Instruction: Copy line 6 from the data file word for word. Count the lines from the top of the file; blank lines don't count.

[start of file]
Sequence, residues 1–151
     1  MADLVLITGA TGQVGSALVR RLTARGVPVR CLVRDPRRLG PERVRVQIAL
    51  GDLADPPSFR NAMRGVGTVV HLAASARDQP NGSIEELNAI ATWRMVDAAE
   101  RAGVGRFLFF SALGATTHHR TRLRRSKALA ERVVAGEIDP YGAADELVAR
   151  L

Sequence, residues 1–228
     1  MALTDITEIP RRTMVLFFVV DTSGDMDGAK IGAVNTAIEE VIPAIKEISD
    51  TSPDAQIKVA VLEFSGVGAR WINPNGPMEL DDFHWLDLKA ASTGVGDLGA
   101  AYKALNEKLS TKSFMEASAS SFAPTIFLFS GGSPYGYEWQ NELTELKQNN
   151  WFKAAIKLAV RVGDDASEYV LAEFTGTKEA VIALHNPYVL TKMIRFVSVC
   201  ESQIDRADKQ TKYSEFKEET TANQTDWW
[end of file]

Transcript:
Sequence, residues 1–228